Rhubarb Semifreddo and Pistachio Cream with Honey Madeleines

by thomandaimee

Was there ever a time when you watched a Masterchef episode and thought to yourself: ‘that looked really pretty, I wished I could do that’. Some desserts are plated with such detail that it almost looks like a painted portrait. Every single item is delicately placed to create a piece of art; it becomes an all-sensory immersion of sight, smell, taste and texture.

In one single plate, there lies multiple desserts that combine to become the masterpiece. There would probably be a sponge cake sitting on a shortbread or a puff pastry, topped with a sorbet, poached fruits, jelly cubes, sauces, flowers, tiny tuile bits and maybe puree. Basically, it looks and is very complicated, and everything is, in all possibilities, hand made from scratch. Then it hits you why it costs so much just to eat sweets in a fine-dining restaurant. Even the bloody sorbet is lovingly concocted in the kitchen.

We could be a little too ambitious to try our hand on such artistic masterpieces. It gave N plenty of tasks to accomplish in a short frame of time, especially since when we weren’t making any shortcuts by purchasing some of the items over-the-shelf. Yes, you read that right, whatever was on the that plate were painstakingly laid out by N, right down to the very chopped pistachio nuts.

The star of the dish was obviously the rhubarb semifreddo, a mousse-y ice-cream-like cake, that captured the tartiness of the vegetable perfectly. The quenelle of homemade pistachio cream (that is made with pistachio paste from our kitchen) might be as aesthetically pleasing as we would want it to be, but the minty green of the cream matches so well with the pastel pinks of the semifreddo. The honey madeleines gave the dessert bite, with its warm sponge and subtle sweetness. Poached rhubarb ties the dish together and brings vibrancy into the plate. A pity we accidentally dumped the juice away, that would have made for a lovely touch and perhaps bring it to completion.

Another challenge was assembling the different components on the plate. Some chefs draw out their creations on paper, while some simply have the talent. Well, we really just did what fools do – we just do it with no actual thought process. The final portrait was probably not of a Blumenthal quality, but as a start, it wasn’t really that bad.s Plus it was fun to exclaim sabayon in Raymond Blanc’s french accent at every opportunity.

Rhubarb Semifreddo and Pistachio Cream with Honey Madeleines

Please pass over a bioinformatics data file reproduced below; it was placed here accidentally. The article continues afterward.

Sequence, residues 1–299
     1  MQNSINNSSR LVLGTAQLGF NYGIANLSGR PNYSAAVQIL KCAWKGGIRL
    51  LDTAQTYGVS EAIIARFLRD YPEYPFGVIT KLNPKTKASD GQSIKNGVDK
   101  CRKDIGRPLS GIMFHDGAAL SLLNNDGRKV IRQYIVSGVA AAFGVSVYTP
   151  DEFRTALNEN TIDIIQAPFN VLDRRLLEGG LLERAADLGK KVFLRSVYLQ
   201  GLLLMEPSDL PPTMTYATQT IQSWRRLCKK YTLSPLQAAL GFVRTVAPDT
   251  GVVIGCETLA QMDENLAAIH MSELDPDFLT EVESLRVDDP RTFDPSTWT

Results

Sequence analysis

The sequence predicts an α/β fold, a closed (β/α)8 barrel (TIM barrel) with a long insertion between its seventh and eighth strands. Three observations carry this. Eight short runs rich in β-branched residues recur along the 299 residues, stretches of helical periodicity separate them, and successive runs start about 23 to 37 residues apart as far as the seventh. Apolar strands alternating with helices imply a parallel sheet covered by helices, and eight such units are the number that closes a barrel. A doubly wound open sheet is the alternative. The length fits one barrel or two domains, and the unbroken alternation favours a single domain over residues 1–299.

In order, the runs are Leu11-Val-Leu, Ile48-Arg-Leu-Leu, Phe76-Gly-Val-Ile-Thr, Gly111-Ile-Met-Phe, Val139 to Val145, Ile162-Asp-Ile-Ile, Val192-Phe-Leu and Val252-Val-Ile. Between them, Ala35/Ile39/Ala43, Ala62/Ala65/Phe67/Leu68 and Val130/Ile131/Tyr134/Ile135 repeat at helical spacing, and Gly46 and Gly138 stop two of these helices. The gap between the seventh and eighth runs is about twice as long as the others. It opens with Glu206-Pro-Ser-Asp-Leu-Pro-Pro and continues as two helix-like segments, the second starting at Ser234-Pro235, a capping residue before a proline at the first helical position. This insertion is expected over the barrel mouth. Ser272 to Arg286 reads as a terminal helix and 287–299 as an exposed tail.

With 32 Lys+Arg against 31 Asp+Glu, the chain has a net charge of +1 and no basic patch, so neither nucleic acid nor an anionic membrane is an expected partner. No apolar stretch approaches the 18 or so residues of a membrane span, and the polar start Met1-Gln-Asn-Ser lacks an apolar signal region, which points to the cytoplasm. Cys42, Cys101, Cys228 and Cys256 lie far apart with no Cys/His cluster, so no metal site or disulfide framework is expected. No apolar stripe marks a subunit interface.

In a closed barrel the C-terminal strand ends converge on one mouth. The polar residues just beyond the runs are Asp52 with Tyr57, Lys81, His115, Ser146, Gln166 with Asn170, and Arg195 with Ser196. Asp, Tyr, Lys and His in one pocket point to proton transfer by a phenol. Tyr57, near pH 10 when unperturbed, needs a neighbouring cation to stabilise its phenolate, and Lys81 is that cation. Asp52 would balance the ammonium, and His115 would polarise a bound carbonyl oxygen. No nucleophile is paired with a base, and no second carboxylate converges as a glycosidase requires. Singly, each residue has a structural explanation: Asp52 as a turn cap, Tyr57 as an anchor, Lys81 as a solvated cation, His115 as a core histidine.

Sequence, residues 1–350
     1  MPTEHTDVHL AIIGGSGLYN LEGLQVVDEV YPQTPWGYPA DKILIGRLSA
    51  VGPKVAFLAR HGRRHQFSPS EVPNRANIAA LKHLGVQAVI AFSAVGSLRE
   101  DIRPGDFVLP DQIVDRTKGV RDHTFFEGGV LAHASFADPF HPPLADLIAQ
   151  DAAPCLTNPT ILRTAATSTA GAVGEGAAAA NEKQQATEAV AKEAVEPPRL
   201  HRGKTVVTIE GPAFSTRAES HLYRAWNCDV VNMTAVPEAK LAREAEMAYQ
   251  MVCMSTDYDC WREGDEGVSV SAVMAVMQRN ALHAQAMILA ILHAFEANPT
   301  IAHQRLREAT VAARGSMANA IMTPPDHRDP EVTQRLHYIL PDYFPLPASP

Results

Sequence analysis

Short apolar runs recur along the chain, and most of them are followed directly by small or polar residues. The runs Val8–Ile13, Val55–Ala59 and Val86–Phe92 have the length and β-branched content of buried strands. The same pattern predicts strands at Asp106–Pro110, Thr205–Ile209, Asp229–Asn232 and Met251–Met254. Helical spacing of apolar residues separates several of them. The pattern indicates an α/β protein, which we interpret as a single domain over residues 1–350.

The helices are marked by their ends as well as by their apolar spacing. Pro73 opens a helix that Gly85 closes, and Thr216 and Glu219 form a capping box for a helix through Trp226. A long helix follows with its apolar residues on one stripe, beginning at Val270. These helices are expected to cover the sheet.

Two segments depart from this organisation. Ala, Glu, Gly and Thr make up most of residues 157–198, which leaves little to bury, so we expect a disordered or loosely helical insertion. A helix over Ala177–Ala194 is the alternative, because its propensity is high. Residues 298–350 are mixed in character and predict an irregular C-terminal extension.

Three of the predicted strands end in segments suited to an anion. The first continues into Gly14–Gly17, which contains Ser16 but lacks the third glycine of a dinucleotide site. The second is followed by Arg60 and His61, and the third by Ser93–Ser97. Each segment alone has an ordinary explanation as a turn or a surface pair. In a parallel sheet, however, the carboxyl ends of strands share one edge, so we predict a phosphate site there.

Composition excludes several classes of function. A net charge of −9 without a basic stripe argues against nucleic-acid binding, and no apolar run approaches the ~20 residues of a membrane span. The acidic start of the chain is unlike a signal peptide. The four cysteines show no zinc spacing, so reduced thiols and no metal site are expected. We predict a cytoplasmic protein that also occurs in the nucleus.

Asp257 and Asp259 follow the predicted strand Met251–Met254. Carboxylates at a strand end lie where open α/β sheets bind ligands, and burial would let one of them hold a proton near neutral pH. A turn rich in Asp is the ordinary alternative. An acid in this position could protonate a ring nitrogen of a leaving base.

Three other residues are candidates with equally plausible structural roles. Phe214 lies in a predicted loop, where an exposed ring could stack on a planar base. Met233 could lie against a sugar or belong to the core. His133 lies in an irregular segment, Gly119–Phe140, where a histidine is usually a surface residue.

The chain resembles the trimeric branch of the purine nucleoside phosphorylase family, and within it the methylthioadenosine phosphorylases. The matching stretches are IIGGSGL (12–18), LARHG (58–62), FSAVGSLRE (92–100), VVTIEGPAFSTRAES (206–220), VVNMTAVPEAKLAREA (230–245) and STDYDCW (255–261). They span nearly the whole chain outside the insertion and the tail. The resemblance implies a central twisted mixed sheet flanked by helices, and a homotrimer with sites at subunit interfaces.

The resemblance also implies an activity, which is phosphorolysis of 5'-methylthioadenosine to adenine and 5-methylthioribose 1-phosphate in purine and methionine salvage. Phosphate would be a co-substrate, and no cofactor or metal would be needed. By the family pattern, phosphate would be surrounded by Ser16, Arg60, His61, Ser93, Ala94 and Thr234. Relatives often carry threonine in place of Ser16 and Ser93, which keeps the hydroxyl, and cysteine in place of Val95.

Adapted from Frances Atkins
Serves 6-8

For the Rhubarb Semifreddo
500g of rhubarb
220g of caster sugar
2 egg yolks
30g of honey
250ml of whipping cream

For the Pistachio Cream
2 gelatine leaves
125ml of single cream
90g of pistachio paste
225g of crème fraîche

For the Honey Madeleines
30g of caster sugar
1 tsp of Demerara sugar
1 egg
45g of butter, melted plus extra for greasing
1 tsp of honey
1/2 vanilla pod
45g of plain flour, plus extra for dusting
1/2 tsp of baking powder


Chop the rhubarb, put in a pan along with 200g of the sugar, cover and simmer until reduced by half. Be careful not to leave your eyes off this pot now. Blend into a thick purée.

Line a 225g loaf tin with 3 or 4 layers of cling film in both directions to ensure a watertight seal

To make the sabayon, whisk the egg yolks, honey and 20g of the sugar together in a bowl over hot water until light and fluffy. It should triple in volume and thicken.

Semi-whip the cream into soft peaks.

Fold the rhubarb purée into the sabayon, followed by the semi-whipped cream. Place in the lined terrine tin, cover with more cling film and freeze for 2 hours.

Soak the gelatine leaves in cold water for 5 minutes to soften. Gently warm the cream and the pistachio paste together in a pan, add the 2 leaves of gelatine and stir until dissolved. Pour into a bowl to cool, then fold in the crème fraîche. Place in a covered container in the fridge for 1½ hours to set before use.

To make the madeleines, cream together the two sugars with the egg until fluffy and smooth. Pour in the melted butter and honey and continue to mix. Scrape the seeds out of the vanilla pod. Mix in the flour, baking powder and vanilla seeds. Leave to rest in the fridge for 2 hours.

Preheat the oven to 200ºC/Gas mark 6. Butter and flour a madeleine tray, then pipe or spoon the madeleines into the prepared tray. Cook for 10-12 minutes until risen and golden. Turn the tin upside down and bang the madeleines out. Allow to cool on a rack for 15 minutes before serving. Assemble all components of the dish on a plate to serve.


Never ever take off your eyes while the rhubarb is simmering over the heat with the lid on. It disintegrates really fast and the covered lid stores the heat in the pot, which may result in rhubarb exploding all over your kitchen counter. Yes, this is spoken with experience, so heed well.